Thursday, August 02, 2007

אלסלאם עליכּם in Judaism and Islam

Someone asked me the following interesting question:

Jews say Shalom Aleichem, and Muslims say "As-Salamu Alaykum" (or something like that). Is it a cognate, or a loan translation? And if the latter, who borrowed from whom?

To rephrase that, the classic Jewish greeting in Hebrew is שלום עליכם and the classic Muslim greeting in Arabic is السلام عليكم / אלסלאם עליכּם . When returning this greeting Jews respond עליכם שלום and Muslims ועליכּם אלסלאם / وعليكم السلام. These are certainly parallel. The question is, cognate or loan?

In truth, I had no idea and I still have no idea. But I thought a good place to start would be to determine how old the Jewish greeting is. I honestly could not recall seeing it in the Talmud (Babylonian, that is) where the greeting Shalom שלום certainly appears.

If it didn't appear before the Islamic era, perhaps that would indicate that it was indeed a loan translation (=Arabic words and custom translated into Hebrew and becoming Jewish custom).

Using my vast bekius and geonus (yes, I am kidding) I discovered that שלום עליכם appears in some of the Massekhtot Ketanot (minor tractates appended to the Talmud which are post-Talmudic, that is, of the Islamic era). But I also discovered that it appears in the Thalmudh Jeruschalmi (presumably redacted at about 400 CE) as well ( three times, actually). Similarly it is found in Genesis Rabbah (now, why is the convention to translate בראשית וכו but not רבה? Things that make you go 'hm.'). But not even once in the Bavli, confirming my prodigious memory of things I didn't see.

This would indicate, if not a Palestinian origin, at least that it was a greeting in use in Talmudic Palestine (unless somehow these specific words are later interpolations, but we obviously shall not take that as a given). However, the reversal greeting (עליכם שלום) is not indicated in these sources. There is still no indication if it was of Jewish origin. It may seem likely, but we shall recall that there was no lack of contact with Arabs, especially in Southern Palestine, and attested amply in the Talmud.

That said, we can probably see that the greeting was in use by Jews, in Hebrew, well before the rise of Islam, which of course spread this Arabic greeting into China to the East and Spain to the West, and deep into North Africa to the South (and of course into post-Talmudic Babylon).

In addition, I looked up the Syriac for Matthew 13:10's "your peace return to you." In the Peshitta it's שלמכון עליכון. Now, I don't know exactly what the date of the Peshitta Matthew is, but it's obviously older than Islam as well (and also warrants discussion about it's place of origin, and its relations to Arabs). Of course this could merely have been a literal translation from the Greek Matthew--or even influenced by the greeting itself.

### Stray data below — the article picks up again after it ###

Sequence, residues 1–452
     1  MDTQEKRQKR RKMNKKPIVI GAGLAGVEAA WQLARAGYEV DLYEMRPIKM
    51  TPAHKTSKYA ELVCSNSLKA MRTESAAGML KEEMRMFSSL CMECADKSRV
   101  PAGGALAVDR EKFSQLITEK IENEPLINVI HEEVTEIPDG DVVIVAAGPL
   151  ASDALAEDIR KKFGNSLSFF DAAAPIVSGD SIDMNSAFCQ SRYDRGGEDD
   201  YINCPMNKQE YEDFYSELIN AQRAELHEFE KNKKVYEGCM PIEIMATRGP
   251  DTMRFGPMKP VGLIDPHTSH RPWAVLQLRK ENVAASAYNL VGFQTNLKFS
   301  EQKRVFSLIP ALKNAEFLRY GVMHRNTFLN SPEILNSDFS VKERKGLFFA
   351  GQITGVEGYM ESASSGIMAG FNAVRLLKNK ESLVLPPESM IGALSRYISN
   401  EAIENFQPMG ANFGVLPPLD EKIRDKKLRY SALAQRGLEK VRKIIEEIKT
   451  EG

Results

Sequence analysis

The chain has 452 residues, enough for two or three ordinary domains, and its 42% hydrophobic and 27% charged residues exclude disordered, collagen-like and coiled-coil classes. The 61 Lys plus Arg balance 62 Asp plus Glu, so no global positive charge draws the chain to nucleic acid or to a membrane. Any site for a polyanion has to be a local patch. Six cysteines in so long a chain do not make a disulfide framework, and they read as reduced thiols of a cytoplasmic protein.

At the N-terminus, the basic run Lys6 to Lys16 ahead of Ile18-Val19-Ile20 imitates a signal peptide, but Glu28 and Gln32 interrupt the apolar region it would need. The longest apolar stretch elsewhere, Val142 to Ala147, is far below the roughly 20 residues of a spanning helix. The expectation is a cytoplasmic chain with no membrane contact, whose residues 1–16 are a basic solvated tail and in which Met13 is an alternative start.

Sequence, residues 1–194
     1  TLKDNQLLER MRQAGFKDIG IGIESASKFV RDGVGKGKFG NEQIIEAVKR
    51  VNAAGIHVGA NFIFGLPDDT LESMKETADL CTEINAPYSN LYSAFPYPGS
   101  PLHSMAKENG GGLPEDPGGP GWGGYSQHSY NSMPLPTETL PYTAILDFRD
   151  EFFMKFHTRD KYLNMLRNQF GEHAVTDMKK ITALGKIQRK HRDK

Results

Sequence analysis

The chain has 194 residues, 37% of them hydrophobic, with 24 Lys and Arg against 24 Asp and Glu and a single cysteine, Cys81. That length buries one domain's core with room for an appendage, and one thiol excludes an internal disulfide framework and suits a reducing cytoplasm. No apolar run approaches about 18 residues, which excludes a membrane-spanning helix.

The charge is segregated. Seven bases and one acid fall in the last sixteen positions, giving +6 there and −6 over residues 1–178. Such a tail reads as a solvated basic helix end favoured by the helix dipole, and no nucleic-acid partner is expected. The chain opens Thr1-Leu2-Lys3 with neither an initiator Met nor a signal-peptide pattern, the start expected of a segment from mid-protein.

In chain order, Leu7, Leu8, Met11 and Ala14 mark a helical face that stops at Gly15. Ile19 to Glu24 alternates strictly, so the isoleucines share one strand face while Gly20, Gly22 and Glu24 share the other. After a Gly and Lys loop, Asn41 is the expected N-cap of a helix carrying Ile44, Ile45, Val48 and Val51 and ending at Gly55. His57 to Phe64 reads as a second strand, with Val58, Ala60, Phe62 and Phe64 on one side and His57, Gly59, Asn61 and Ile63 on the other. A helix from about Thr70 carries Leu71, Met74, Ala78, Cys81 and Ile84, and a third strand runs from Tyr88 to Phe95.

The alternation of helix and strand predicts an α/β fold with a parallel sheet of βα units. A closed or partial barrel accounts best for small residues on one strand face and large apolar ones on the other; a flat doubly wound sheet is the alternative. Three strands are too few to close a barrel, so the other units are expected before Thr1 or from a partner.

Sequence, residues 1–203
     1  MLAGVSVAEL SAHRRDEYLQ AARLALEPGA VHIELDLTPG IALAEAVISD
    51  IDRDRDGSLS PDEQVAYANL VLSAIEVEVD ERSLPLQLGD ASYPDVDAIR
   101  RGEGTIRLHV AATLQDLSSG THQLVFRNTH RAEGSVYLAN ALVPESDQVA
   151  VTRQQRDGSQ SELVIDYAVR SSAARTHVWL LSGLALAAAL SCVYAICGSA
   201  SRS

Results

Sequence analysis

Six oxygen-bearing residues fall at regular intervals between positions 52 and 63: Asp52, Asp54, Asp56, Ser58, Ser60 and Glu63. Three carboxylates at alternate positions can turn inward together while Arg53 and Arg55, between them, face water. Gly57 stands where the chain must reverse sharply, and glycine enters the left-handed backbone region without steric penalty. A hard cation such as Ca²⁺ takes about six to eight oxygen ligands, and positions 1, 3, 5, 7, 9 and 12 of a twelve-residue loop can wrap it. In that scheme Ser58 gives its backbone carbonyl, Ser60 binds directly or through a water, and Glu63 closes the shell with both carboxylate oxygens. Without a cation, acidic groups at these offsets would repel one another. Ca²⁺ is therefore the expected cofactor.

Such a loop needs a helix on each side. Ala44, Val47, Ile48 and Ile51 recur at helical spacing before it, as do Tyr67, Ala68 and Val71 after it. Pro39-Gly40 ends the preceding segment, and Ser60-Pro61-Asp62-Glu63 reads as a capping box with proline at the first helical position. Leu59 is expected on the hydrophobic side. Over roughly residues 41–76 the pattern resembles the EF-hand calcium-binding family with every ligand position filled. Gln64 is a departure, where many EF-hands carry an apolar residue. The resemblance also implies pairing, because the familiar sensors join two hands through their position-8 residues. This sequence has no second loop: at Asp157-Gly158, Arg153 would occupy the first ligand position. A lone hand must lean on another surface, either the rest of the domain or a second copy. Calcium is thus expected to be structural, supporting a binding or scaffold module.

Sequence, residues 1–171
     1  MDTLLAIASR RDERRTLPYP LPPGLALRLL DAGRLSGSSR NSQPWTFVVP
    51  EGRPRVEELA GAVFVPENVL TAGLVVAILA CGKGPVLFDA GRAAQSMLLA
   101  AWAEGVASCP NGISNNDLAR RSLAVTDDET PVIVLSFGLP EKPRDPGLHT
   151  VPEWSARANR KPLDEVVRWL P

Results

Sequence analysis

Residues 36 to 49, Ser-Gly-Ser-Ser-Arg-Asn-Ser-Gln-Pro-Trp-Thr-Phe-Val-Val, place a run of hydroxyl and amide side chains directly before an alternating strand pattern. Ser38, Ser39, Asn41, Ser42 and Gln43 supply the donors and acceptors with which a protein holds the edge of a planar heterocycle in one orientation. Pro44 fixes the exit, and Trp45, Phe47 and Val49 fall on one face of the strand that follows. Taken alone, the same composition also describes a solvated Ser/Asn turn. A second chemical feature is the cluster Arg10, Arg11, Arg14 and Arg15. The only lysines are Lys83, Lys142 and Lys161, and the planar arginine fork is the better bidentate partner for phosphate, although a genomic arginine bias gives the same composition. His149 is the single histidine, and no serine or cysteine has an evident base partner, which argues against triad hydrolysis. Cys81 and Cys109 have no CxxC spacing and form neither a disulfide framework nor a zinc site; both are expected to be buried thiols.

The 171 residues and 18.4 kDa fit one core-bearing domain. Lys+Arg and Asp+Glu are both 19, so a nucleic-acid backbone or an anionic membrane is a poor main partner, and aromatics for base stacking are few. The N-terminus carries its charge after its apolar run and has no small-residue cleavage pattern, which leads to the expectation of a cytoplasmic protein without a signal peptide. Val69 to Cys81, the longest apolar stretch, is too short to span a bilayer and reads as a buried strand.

My questioner told me that he suspects it to be a loan translation (one way or the other) for the simple reason that it is so specific. It isn't merely two words meaning "peace" and "on you," but also the matter of reversal in response.

Finally, I wonder about the geographic distribution of the use of the greeting. Here is description from an 1867 visit to Mountain Jews of the Caucuses by Yehuda Chernyi:

"[When one such man arrives,] the host relieves him of his things, takes him to the guest room, shouls him the best place on the pillow to rest from the road, and then washes his feet. . . . Soon after, elders and respected people will gather in the house and offer the guest their hands with greetings in the biblical language: Shalom aleichem which means "I wish you health," or Barukh-gabo which means "May your stay be happy," and the guest must say Aleichem shalom which means "May you be healthy and happy!"

cited in Sascha L. Goluboff, Are They Jews or Asians? A Cautionary Tale about Mountain Jewish Ethnography, Slavic Review, Vol. 63, No. 1. (Spring, 2004), pp. 113-140.

In any event, what do you say? Note that I have said not a word about the age of the greeting in Arabic. This is because I don't know what it is.

No comments:

Post a Comment


Related Posts with Thumbnails